COMMUNITY DEVELOPMENT OUTCOMES:
SOCIAL COHESION AND SOCIAL INCLUSION

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This page contains two parts:



Community Development Outcomes

The program evaluation illuminated several crosscutting themes, interrelated program elements and participatory processes in the First Nations Partnership Programs. Pivot constructs emerging from a meta-analysis of participants' accounts of the unusual generativity of these programs were social cohesion and social inclusion. Subsuming several recurrent themes in participants' reports of their program experiences, these superordinate constructs 'work' to describe and explain both the process and the outcomes of the training initiatives.

'Social cohesion' encompasses the many facets of community involvement in administering the training programs, the participation of student in cohorts, and bringing together multiple generations to support the development of the community's children and families. Participants' accounts of community transformations that they attributed to the program referred to the willingness and capacity of individuals to participate with others in ways that build trust and reciprocity, meet their shared needs, mobilize new knowledge and resources in programs of action, build upon organizational strengths, and increase community stability.

We use 'social inclusion' to refer to the links between individuals and groups with others beyond the group, including groups external to the community. The impact of the First Nations Partnership Programs upon social inclusion was vividly illustrated when several program graduates "took up their place at the table" at two province-wide conferences on Early Childhood Education and on Aboriginal Child Care. Graduates spoke out on issues of funding for child care and training, and presented a range of ideas for responding to cultural diversity in child care programs. As an outcome, social inclusion refers to recognition and participation of community members and of university partners in each other's venues and in the society at large.

The First Nations Partnership Programs demonstrate that First Nations people have the public will and the social cohesion to take the driver's seat on this journey. Despite considerable differences among our partners, in terms of their infrastructure, location, economic status, and existing services for children and families, all of the partnership initiatives engendered unprecedented success for students and for the community as a whole. The program evaluation showed what can happen when Early Childhood Education and Youth Care training is envisioned and implemented as a community development tool. Most importantly, the research process has clarified what guides the process - how the pieces fit together to realize community-identified goals and strategies, building upon and expanding social cohesion and social inclusion, which in turn creates developmentally supportive ecologies for children and families.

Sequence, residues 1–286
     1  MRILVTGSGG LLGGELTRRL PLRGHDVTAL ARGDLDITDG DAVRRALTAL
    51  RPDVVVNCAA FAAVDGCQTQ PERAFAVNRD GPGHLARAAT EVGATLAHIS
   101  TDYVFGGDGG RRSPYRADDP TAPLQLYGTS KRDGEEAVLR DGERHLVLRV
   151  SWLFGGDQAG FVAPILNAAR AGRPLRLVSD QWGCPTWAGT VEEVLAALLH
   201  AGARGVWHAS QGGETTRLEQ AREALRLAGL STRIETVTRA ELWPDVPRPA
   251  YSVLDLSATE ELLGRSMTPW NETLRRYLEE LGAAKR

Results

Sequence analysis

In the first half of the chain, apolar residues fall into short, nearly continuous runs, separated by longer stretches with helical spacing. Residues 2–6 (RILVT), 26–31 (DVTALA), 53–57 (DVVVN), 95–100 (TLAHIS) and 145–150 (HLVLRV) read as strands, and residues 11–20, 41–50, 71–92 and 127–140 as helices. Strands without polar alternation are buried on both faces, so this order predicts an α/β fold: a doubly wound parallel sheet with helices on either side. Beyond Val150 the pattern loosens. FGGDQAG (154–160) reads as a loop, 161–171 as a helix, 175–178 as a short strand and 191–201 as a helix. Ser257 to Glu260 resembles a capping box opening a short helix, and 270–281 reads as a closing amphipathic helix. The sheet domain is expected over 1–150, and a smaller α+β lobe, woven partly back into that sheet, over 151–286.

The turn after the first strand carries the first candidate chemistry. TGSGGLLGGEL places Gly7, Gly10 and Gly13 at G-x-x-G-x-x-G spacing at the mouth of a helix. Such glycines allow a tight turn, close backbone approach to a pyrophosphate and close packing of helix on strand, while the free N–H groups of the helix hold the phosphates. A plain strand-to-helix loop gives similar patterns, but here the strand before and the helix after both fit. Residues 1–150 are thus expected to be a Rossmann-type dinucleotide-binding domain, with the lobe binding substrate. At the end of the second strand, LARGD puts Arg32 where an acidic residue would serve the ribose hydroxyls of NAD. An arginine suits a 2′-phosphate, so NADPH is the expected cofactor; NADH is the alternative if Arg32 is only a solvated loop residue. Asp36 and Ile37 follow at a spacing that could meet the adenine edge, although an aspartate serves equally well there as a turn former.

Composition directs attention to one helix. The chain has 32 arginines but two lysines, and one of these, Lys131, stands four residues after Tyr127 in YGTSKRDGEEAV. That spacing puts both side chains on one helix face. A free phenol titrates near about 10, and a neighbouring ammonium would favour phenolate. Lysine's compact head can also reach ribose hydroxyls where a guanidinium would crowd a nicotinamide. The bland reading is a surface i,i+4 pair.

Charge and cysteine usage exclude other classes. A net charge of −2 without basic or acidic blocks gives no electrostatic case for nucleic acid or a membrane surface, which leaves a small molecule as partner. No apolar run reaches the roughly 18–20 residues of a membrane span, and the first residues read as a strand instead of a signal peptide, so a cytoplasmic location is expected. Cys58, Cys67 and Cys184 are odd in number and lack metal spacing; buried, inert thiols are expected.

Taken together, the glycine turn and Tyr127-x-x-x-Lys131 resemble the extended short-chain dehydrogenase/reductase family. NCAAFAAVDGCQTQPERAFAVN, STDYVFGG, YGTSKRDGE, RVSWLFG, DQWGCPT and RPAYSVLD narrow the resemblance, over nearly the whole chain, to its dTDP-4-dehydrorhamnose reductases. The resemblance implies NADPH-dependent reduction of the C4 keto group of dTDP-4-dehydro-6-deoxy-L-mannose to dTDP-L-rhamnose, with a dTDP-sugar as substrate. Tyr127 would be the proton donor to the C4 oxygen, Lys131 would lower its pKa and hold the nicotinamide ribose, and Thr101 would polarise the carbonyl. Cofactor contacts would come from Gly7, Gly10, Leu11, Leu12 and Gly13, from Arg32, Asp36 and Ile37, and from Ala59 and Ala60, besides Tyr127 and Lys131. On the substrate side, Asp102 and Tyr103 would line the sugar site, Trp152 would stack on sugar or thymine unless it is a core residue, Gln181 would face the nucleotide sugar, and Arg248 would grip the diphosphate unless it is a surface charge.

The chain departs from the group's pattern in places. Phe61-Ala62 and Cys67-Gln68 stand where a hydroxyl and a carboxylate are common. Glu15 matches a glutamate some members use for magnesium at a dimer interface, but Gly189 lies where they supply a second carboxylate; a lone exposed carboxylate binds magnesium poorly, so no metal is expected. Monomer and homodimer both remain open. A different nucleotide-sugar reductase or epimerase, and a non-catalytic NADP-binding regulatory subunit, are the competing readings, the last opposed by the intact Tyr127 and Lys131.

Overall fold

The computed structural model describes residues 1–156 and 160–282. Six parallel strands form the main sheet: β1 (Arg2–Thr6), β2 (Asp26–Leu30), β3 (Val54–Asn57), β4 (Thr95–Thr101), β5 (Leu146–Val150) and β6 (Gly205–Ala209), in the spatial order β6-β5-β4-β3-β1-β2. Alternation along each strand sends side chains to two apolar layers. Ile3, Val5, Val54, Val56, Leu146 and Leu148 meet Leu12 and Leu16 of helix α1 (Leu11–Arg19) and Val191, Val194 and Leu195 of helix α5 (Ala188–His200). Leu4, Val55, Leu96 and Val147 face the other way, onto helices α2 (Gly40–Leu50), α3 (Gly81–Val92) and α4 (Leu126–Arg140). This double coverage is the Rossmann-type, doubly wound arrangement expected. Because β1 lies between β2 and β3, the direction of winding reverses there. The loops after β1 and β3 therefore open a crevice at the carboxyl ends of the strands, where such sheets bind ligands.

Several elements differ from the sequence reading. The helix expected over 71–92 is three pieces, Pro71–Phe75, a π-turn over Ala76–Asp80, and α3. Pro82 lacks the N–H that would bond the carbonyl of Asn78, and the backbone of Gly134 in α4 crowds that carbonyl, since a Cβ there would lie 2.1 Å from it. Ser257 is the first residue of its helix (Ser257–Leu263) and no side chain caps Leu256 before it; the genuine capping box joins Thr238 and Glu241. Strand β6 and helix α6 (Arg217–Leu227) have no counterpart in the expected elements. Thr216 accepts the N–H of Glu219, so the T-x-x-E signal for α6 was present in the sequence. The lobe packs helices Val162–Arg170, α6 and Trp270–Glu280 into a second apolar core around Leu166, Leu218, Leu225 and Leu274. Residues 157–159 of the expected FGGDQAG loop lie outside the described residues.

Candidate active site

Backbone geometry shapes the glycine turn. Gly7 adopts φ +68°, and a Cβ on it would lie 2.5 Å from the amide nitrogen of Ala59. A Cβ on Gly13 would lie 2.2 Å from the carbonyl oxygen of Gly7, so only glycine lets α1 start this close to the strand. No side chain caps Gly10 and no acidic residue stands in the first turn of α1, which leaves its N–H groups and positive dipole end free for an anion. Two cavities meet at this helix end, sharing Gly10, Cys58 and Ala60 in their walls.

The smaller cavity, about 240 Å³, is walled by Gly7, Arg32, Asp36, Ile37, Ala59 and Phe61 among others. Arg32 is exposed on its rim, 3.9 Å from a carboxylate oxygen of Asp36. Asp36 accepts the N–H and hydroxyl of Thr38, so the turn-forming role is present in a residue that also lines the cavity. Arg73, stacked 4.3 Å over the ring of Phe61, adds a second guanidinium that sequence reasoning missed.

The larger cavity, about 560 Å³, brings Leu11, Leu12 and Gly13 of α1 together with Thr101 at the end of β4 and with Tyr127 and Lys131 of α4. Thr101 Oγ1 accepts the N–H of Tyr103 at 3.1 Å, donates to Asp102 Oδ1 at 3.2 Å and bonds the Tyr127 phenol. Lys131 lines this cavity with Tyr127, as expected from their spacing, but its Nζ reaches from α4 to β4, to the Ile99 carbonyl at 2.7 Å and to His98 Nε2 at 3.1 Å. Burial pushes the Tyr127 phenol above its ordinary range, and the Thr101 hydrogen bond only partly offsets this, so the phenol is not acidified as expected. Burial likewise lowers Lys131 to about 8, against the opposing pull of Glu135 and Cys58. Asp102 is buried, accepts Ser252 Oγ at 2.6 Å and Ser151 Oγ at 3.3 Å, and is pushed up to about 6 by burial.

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First Nations child and parent

Social Cohesion and Social Inclusion

Being responsive to indigenous communities means more than letting community members voice their concerns or preferences, more than acknowledging diversity. The evaluation project underscored the need for institutions involved in education, human services, and development assistance to open up the very foundations of how training programs are conceived and how optimal developmental outcomes are defined. As Vern Bachiu, the programs and policy director for the Meadow Lake Tribal Council, put it, "What we are trying to do is turn the world upside down."

What the evaluation showed is that funders and institutions need to recognize that the most useful contribution they can make to promoting capacity to advance children's well-being in communities is collaborating with community leaders and groups to build what the new argot calls 'social capital' - dense social networks based on trust, reciprocity, and the will to act on behalf of community well-being - qualities that are fundamental to healthy, sustainable, social ecologies in which children and families can thrive.



Community Development Courses

Three courses are available for community development purposes:

  • Approaches to Early Childhood Care and Development
  • Community Development to Promote Children's Well-Being
  • Healthy Young Children: From Knowledge to Community Action

They use a workshop format, and can be delivered as a whole or in selected parts covering different topics.

They are meant for community members who may or may not go on to formal training. They are not for university credit.

They were developed in response to requests from First Nations in Canada and other indigenous groups around the world. They were developed with funding from The Lawson Foundation. To order one or more of these courses, contact Jessica Ball at jball@uvic.ca.